Ding dong, Wi-Fi calling – beware bill shock

Written by on October 6, 2015 in Opinion with 0 Comments

1Apparently when it comes to Wi-Fi, it is like the Wild West out there. A recent study, reported by Telecoms.com, cites Xcellair, a company whose mission is to maximise the mobile mish-mash of networks for mobile operators. They found, refreshingly in their own offices, that Wi-Fi as an intelligent offload technology is deeply flawed. It will, they have calculated, cost mobile operators close to $18 billion over five years in lost revenue.

It is easy to make headlines with figures in the billions that go, or leave, operators’ bottom lines. What is not calculable, but is perhaps even more expensive is that the customer experience is also at stake, and that brings churn into the equation. If customers are trying to watch Netflix and the Wi-Fi is catching interference from 4G, TV, satellite, the connected toaster or whatever, it does not compensate. (See here for a video of just how many different radio signals you live amongst). It is, says, Xcellair, simply not intelligent enough, unlike carefully designed, licensed, standardised and regulated 4G networks.

Their survey ‘revealed that 92% of access points do not adjust their operating frequency, no matter how badly performance is degraded by interference. It also found that on average, two channels worth of bandwidth is unused at any given time, despite congestion and interference.’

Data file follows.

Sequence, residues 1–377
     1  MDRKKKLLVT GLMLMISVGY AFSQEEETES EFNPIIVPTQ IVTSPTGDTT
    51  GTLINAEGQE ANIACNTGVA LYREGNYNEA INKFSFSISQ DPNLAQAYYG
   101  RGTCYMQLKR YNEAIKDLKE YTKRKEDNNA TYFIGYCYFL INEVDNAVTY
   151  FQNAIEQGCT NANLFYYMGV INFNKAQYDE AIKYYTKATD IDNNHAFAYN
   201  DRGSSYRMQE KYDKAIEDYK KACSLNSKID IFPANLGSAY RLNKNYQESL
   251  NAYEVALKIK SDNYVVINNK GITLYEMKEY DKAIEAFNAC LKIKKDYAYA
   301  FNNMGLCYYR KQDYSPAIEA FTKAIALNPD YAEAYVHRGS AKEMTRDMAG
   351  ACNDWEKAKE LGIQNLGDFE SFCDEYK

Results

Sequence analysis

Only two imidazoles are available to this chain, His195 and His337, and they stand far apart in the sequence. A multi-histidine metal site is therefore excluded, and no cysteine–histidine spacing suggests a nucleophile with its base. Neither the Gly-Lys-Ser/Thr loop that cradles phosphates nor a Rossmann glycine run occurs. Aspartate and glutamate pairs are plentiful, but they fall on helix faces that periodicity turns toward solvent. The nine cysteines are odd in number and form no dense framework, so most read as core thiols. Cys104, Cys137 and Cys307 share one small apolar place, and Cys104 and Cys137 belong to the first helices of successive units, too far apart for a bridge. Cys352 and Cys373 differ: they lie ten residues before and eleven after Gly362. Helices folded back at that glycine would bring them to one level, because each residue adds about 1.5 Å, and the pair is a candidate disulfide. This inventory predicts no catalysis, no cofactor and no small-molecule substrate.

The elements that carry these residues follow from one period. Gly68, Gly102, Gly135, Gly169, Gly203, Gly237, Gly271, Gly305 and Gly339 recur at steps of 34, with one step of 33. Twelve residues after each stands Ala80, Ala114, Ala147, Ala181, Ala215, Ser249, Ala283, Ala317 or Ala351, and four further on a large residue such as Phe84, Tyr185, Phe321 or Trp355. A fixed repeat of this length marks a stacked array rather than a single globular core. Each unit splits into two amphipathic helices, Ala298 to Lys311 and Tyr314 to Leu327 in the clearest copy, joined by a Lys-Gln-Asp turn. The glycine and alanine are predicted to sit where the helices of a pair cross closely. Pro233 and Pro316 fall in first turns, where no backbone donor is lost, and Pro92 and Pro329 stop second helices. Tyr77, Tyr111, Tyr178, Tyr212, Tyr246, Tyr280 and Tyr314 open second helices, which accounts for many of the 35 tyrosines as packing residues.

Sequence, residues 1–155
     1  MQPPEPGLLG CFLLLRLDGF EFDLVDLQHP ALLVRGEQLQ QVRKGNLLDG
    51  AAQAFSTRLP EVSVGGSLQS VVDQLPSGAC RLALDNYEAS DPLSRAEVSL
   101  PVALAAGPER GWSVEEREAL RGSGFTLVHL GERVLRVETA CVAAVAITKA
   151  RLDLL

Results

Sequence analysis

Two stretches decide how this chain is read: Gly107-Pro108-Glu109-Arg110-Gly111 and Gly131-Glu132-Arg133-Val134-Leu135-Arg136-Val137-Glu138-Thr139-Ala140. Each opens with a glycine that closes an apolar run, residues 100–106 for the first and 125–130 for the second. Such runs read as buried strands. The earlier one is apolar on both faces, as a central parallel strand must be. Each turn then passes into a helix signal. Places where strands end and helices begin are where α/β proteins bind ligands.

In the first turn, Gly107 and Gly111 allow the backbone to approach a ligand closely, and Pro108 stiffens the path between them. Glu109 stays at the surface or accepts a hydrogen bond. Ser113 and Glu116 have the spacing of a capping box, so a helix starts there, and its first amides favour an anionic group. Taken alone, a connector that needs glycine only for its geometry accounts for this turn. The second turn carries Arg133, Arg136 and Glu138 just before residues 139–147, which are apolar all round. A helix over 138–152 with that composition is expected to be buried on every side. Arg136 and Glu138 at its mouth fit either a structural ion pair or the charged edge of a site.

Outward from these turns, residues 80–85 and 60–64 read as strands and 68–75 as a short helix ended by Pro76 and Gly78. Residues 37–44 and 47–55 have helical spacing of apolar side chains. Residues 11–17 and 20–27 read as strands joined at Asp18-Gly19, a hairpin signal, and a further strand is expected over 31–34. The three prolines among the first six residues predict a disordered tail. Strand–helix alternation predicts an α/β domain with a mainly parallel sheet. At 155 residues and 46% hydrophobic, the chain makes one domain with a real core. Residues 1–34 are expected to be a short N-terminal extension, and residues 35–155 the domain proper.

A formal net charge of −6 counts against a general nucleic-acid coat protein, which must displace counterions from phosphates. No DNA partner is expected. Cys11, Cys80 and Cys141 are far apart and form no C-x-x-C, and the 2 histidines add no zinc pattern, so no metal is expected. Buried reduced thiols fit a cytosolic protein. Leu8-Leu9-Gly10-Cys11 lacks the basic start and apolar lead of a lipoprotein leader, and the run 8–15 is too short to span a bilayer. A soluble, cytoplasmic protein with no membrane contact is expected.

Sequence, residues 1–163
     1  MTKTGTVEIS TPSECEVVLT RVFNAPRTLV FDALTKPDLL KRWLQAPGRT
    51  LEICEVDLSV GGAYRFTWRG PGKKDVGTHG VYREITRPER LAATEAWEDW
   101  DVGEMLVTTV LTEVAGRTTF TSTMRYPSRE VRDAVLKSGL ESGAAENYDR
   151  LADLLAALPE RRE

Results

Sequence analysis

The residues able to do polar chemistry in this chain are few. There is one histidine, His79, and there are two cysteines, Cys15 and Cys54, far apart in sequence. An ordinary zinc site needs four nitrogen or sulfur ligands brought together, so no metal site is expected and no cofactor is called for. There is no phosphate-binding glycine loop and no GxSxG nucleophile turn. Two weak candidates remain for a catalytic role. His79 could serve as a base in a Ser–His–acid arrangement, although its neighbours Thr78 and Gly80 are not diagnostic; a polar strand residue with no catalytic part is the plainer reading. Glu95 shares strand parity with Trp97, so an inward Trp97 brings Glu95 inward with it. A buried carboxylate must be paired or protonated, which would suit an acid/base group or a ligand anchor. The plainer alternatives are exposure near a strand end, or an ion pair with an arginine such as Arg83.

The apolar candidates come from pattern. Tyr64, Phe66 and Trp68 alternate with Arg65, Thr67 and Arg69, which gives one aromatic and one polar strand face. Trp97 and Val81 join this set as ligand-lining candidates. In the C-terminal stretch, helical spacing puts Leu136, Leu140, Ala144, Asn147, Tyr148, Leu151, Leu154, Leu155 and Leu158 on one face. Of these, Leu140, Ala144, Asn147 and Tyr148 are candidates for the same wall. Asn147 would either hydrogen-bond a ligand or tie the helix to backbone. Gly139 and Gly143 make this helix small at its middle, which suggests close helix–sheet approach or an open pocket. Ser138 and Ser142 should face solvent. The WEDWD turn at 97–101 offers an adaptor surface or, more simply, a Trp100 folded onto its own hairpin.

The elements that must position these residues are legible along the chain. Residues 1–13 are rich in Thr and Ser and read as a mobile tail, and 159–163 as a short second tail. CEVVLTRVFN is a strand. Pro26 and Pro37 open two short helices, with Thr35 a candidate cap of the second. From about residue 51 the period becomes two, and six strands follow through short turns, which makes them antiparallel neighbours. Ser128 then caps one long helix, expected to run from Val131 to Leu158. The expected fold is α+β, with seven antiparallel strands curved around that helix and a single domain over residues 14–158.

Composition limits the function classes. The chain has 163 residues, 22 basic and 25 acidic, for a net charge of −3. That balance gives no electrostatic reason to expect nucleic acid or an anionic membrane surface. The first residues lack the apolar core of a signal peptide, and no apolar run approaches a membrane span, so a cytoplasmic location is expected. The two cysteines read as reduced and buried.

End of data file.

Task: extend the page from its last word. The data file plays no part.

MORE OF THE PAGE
Thus the $18 billion in lost revenue.

W-Fi offload seems a great idea. Wi-Fi calling seems a great idea, and many operators believe it is a great idea.

But it does seem that there needs to be a serious collaborative effort to add intelligence, standards and interoperability into the chaos that is Wi-Fi for it to work as customers now expect high-speed mobile networks to work.

Network operators are not the only ones who need to pause for thought with Wi-Fi alternatives.

Apple’s new Wi-Fi Assist brings the reverse problem. As Jonathon Gordon points out here, Wi-Fi Assist is automatically switched on, and when your iOS device thinks that the Wi-Fi is not good enough for the job, it will automatically switch to a cellular network near you. This means if you are watching Netflix in the comfort of your own home, do not think that your device will not decide that the Wi-Fi is rubbish (see above), switch you to a 4G network and, without meaning to, give you some serious bill shock.

The Wi-Fi mess needs to be sorted, before the Wild West edges into our comfortable, ordered world of mobile networks and it ends up being a stumbling block, not a building block.

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About the Author

About the Author: Alex was Founder and CEO of the Global Billing Association (GBA), a trade body focused on the communications sector. He is a sought after speaker and chairman at leading industry conferences, and is widely published in communications magazines around the world. Until it closed, he was Contributing Editor, OSS/BSS for Connected Planet. He is publisher of DisruptiveViews and previously BillingViews. .

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